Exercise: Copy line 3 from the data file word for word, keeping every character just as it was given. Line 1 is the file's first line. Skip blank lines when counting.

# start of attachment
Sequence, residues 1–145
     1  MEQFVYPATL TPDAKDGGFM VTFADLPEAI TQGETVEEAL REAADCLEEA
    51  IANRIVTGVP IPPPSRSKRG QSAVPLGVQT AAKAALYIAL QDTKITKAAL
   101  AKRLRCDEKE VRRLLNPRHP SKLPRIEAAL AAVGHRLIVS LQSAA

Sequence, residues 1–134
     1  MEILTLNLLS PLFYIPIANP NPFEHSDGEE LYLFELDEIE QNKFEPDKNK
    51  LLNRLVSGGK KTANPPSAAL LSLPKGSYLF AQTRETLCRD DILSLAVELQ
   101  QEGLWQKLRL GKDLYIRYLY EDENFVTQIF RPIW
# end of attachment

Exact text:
    51  IANRIVTGVP IPPPSRSKRG QSAVPLGVQT AAKAALYIAL QDTKITKAAL